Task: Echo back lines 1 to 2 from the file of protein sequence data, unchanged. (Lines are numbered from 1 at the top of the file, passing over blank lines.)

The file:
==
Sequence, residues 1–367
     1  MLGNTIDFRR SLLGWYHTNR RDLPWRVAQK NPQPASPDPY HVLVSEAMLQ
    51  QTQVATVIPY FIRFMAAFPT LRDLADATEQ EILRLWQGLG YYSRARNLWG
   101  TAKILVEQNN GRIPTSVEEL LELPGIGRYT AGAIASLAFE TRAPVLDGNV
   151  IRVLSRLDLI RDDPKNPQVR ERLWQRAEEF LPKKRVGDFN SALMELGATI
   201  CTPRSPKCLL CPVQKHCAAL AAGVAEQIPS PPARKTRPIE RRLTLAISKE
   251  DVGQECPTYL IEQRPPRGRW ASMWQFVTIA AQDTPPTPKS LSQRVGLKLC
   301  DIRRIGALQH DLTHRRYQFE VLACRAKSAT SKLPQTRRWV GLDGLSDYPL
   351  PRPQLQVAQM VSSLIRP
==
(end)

Sequence, residues 1–367
     1  MLGNTIDFRR SLLGWYHTNR RDLPWRVAQK NPQPASPDPY HVLVSEAMLQ